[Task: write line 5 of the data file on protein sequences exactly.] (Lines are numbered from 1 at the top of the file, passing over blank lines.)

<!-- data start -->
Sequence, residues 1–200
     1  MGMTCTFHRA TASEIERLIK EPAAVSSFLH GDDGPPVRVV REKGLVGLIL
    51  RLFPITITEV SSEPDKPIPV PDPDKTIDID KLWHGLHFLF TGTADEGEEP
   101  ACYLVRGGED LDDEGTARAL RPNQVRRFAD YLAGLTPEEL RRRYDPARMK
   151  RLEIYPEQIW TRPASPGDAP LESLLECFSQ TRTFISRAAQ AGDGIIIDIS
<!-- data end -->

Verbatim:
   151  RLEIYPEQIW TRPASPGDAP LESLLECFSQ TRTFISRAAQ AGDGIIIDIS